Green Winged Macaw
Green Winged Macaw
Bird

Location at the Zoo:
Waterside Theatre
Region: South America


Green-winged macaw

Red is the dominant colour of the green-winged macaw, also known as the red-and-green macaw. Red stretches from the forehead, over the crown, down the neck and onto the mantle and lesser wing-coverts. Green tints the median coverts, scapulars, innermost secondaries and tertials. Blue spreads over the greater wing-coverts and outer secondaries. Light blue covers the back, rump, uppertail coverts and undertail coverts. Dark blue is found on the primaries. From below, with wings spread, all is red except for the undertail coverts, which are light blue. The upper tail's central feathers are red with broad blue tips while the outer feathers are blue. The tapered tail makes up more than half the green-winged macaw's length.

The head features large cheek patches of bare white skin. Traversing the patches in five or six arcs around the sides and bottom of the eyes are small red feathers that look like they have been stitched on. The eyes are pale yellow. The upper mandible is pale coloured with a black triangle that arises from the lower base. The lower mandible is black. Legs are a dark grey. Other than a shorter tail and grey eyes, juveniles are similar to adults.

Conservation Status: IUCN




Distribution:

The greatest concentrations of Ara chloropterus are in the Guianas, eastern Venezuela and eastern Peru. Patchy and generally declining populations occur in eastern Panama, northwest Columbia, western and southern Venezuela, eastern Ecuador, eastern Paraguay and northwestern Brazil. It has been extirpated in Argentina and virtually wiped out in southeast Brazil. Found locally in eastern Bolivia and eastern Paraguay.

Habitat:

The green-winged macaw dwells in humid lowland forest including tropical rainforest, riparian woodlands and mangroves. It also inhabits gallery forest penetrating open scrubland. Though it's found up to 1500 metres in mountain foothills, 500 metres is its limit in the lowlands.

Diet:

Seeds of large trees are its primary source of nutrition. Fruits, nuts, berries, and leaves are also in its diet. They ingest sodium and minerals from clay licks of riverbanks.

Reproduction:

During breeding season, pairs of green-winged macaws, which mate for life, split from the group and nest in cavities in the upper reaches of trees. In some areas, cliff crevices are used. The female lays two eggs which she incubates for 24 to 26 days. Down appears on the bare hatchling after eight days. After two weeks, eyesight alleviates its helplessness. Feather sheaths start to appear at about three weeks. The young beg for food by jerking their wings forwards and crying loudly. A parent grabs a youngster's beak at an angle so that it can take food from the parent's crop. Juveniles remain with both parents for about three months, learning to feed and fly. Sexual maturity occurs between three and four years of age. Lifespan is 50 years.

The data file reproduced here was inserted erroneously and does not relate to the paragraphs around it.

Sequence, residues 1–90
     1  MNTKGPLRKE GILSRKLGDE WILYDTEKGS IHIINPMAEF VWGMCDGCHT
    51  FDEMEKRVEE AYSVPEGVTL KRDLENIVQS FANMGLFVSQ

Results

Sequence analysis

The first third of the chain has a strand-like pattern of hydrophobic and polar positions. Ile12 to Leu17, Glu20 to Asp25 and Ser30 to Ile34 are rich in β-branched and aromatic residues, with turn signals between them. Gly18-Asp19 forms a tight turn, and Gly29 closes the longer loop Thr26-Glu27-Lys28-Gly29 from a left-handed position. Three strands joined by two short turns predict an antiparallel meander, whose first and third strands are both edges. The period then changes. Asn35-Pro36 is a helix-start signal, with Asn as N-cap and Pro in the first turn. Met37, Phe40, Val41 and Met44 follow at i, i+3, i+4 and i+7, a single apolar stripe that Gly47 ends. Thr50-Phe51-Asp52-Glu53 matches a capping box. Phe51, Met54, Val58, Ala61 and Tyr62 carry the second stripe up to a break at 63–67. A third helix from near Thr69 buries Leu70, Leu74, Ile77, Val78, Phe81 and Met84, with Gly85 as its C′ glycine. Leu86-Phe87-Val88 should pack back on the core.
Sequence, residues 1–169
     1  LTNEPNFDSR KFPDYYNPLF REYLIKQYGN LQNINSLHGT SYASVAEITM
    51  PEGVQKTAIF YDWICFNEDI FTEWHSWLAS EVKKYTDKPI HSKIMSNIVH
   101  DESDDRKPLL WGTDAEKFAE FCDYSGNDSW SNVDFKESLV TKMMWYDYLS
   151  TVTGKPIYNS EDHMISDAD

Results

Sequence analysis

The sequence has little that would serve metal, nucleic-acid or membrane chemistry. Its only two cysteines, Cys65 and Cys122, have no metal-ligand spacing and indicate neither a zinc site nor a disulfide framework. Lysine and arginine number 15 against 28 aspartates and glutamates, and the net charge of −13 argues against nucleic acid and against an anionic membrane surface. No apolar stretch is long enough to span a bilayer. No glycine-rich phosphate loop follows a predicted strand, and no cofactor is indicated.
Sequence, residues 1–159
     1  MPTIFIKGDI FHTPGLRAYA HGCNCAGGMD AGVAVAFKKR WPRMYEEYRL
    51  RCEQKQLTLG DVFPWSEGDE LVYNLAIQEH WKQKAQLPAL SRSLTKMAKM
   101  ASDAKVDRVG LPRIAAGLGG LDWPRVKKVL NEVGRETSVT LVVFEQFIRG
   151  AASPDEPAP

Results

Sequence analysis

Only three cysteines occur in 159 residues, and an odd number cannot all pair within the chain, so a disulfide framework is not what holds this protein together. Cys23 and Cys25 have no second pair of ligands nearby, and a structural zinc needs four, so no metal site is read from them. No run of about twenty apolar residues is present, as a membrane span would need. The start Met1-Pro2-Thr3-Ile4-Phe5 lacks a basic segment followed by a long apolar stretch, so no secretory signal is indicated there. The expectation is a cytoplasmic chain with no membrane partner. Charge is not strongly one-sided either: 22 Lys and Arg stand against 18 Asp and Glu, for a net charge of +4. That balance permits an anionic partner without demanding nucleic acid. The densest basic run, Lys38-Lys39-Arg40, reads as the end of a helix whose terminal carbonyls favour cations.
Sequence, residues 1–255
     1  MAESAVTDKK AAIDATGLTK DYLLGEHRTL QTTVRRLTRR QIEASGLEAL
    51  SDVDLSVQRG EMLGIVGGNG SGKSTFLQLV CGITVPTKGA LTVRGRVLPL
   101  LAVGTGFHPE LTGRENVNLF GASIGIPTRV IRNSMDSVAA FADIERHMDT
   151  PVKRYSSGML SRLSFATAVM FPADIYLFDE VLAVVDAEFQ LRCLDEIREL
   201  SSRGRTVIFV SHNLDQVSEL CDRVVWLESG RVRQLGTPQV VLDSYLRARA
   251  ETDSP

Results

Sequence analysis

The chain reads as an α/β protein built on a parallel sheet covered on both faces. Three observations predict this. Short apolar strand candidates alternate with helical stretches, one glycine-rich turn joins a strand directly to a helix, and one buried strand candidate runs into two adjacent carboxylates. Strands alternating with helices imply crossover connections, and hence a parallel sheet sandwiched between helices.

Adaptation:

A gregarious species, green-winged macaws roost communally and set out each morning to find food. Winging to their distant feeding grounds, their flight is strong and direct. With streamlined bodies, they can reach 55 km/h. High in the canopy, they eat in the relatively cool morning and late afternoon. Powerful beaks, able to apply up to 2000 psi, crack open the hardest nuts. Messy eaters, they drop a lot of nutrition to the forest floor, which helps reinvigorate the soil. This debris is all that gives away these shy birds since they're quiet and their colourful plumage camouflages them in the foliage. During the hot part of the day, they rest and mutually preen. In areas far from the Atlantic Ocean, they visit clay licks to add sodium to their diets.

With zygodactylous toes (the two middle ones face forwards and the two outside ones backwards); they are the most dexterous of birds, manipulating their toes like hands. For perching and climbing, the toes provide a strong grip. The beak is also used for climbing.

Being a large, heavily feathered bird in a tropical climate, Ara chloropterus requires a high rate of evaporative cooling. The bare cheek patch and the bill serve as thermoregulators with their greater density of blood vessels. When their body temperature increases, the vessels dilate and blood flows in, boosting heat loss.

With a kraw like a corvid, their voice is raucous and high-pitched. They call to mark their territory and locate other macaws. When alarmed, they screech loudly.

Threats to Survival:

Green-winged macaws are early refugees from human intrusion into their habitat. Forests are cut down and they are hunted. Gallery forests are being lost to dams, as well as fires to establish grasslands for grazing livestock.

For every 100 pairs of this species, only 20 to 25 young reach adulthood each year. They dont breed annually; nests are robbed by predators such as boas, hawks, opossums, and rats; humans rob nests and capture adults for the bird trade. However, those seen in the pet trade in the US and Canada are generally captive born whereas those collected in the wild are used for local trade within their country.
Eggs of Ara chloropterus are being taken from nests and the hatchlings hand raised for introduction into areas where populations are extirpated or threatened.